"A Fresh, Funny New Musical On The Life Of Nellie Bly!" scream the posters and advertising cards for Stunt Girl, the new musical based on the life, career, "and adventures" of the early female journalist who is considered an early feminist hero.

The workshop production at Village Theatre in Issaquah this weekend is sure to draw a diverse crowd-fans of musicals, fans of off-beat material and pro-feminist crowds who will unquestioningly support the show because of its content. GLBT theater fans cross all of these "types" and are sure to be a measurable element in the show's success.

Part of the theater's Village Originals series-"Experience The Best Of Tomorrow's Broadway Today!"-Stunt Girl plays tonight and Saturday night at 8 p.m. with the popular Sunday matinee at 2 p.m. Performances are at the Village's original site, First Stage Theatre, an old Issaquah film "palace" just down the street from VT's handsome new Mainstage. Reservations and details at (425) 392-2202, a toll-free call from most of Seattle.

SEATTLE SYMPHONY HOSTS MADE IN AMERICA FESTIVAL

Modern classical music takes the focus next week as the Seattle Symphony hosts its second Made In America Festival. This year's encore of last season's first festival runs May 6-20 and includes a number of highlights, including the May 20 Day Of Music grand finale with a full Saturday of musical events-many of them free. That's free, as in free-often considered Bits&Bytes' favorite word.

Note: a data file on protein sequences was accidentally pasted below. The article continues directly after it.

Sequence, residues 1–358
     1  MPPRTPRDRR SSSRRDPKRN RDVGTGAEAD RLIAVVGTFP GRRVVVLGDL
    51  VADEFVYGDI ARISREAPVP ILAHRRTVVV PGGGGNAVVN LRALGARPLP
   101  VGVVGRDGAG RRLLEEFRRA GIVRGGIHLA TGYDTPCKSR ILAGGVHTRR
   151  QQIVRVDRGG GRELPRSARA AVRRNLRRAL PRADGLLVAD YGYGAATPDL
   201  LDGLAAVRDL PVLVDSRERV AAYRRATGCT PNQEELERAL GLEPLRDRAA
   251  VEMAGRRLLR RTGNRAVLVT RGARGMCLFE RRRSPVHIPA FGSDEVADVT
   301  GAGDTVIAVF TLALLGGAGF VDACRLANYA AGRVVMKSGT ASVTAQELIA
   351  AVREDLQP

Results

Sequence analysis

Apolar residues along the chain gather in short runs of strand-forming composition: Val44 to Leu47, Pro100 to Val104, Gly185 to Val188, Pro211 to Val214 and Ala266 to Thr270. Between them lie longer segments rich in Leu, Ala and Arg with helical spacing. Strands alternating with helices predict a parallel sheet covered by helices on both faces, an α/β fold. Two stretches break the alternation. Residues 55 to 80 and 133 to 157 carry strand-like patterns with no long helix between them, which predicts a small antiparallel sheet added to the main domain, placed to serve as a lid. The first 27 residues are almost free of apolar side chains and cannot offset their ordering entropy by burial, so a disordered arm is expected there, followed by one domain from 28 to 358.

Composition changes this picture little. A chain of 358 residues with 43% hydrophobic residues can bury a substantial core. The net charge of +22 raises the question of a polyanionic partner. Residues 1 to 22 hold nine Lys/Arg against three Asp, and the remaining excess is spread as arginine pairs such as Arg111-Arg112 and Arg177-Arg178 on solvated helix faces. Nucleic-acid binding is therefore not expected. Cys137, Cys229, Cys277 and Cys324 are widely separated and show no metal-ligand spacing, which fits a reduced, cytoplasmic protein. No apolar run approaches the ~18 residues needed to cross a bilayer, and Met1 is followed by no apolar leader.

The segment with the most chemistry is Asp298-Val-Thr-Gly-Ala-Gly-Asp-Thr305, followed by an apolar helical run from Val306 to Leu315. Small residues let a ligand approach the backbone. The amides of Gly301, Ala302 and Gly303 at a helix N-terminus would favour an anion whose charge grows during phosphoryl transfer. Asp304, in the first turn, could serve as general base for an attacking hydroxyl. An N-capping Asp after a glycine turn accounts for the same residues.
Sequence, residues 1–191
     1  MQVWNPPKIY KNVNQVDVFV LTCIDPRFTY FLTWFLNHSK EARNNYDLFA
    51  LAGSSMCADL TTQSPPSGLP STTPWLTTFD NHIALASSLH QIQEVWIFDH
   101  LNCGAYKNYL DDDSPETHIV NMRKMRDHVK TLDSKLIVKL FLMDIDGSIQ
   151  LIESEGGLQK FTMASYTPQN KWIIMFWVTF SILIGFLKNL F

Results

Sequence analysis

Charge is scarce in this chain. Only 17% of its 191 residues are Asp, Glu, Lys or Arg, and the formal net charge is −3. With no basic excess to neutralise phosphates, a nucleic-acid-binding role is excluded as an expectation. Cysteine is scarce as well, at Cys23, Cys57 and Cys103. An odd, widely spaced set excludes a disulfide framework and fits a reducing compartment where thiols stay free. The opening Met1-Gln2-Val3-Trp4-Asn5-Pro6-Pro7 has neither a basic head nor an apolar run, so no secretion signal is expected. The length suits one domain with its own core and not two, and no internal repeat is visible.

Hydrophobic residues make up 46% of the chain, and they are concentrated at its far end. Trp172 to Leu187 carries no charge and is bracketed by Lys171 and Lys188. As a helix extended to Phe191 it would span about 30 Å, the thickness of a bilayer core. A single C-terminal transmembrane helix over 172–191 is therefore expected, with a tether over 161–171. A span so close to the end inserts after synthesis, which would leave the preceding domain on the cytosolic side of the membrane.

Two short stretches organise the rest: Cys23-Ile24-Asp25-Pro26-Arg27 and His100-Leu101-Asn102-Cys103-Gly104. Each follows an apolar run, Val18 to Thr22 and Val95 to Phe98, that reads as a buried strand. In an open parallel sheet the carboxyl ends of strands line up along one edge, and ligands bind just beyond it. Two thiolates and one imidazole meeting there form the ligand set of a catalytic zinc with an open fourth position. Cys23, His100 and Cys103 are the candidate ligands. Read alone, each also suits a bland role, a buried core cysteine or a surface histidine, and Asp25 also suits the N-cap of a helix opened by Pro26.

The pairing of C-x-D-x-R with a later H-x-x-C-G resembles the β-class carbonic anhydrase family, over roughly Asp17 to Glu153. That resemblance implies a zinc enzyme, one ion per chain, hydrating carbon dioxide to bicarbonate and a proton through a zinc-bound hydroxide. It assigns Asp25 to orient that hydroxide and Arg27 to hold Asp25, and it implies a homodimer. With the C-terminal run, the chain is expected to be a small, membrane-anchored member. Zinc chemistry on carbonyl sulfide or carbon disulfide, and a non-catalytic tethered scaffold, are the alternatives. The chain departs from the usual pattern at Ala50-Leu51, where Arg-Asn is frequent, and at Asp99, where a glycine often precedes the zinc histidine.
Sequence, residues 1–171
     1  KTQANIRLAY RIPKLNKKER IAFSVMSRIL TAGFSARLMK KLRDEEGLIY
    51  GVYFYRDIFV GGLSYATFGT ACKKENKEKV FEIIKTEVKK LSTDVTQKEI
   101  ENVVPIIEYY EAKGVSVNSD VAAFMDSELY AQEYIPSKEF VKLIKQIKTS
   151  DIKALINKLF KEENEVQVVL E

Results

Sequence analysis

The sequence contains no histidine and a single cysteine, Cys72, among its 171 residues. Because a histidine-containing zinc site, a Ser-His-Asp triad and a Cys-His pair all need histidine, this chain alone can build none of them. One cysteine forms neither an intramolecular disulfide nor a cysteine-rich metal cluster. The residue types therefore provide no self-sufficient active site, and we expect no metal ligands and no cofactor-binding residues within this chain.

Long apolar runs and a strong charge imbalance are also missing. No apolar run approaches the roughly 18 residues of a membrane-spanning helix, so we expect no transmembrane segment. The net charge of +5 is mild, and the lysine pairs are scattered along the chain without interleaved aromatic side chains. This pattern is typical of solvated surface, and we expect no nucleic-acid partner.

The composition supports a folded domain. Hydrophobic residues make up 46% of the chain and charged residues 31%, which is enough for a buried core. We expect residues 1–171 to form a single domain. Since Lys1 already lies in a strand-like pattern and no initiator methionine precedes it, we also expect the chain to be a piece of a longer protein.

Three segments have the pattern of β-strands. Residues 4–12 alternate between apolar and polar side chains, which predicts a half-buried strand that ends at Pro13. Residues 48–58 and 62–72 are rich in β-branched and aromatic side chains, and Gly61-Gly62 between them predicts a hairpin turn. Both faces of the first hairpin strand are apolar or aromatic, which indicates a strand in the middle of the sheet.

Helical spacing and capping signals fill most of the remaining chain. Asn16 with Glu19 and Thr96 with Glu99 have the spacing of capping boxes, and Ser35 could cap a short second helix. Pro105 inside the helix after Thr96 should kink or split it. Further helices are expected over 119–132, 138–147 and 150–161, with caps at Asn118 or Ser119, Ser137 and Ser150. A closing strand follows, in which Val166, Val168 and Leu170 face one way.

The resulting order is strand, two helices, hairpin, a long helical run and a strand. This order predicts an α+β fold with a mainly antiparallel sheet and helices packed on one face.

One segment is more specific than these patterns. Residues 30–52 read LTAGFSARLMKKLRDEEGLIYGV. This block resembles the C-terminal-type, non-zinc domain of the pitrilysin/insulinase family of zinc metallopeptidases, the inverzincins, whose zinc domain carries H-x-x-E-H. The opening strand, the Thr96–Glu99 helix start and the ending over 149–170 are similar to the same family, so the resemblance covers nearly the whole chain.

Another major highlight is the May 18 concert which includes an encore performance of Samuel Jones' Concerto For Tuba And Orchestra, the SSO commissioned work that was a critical and audience sensation in its premiere last fall. It is one of the few-very few-original works of modern music that Bits&Bytes wanted to hear again the very next day. Tickets for the Thursday evening concert start at just $10-but order early. The encore performance of Jones' tuba work will be a hot ticket and inexpensive seats will sell out fast.

The Festival has a focus on modern, living composers this year. A special effort has been made to program works by women, a group of artists often overlooked in the classical music community.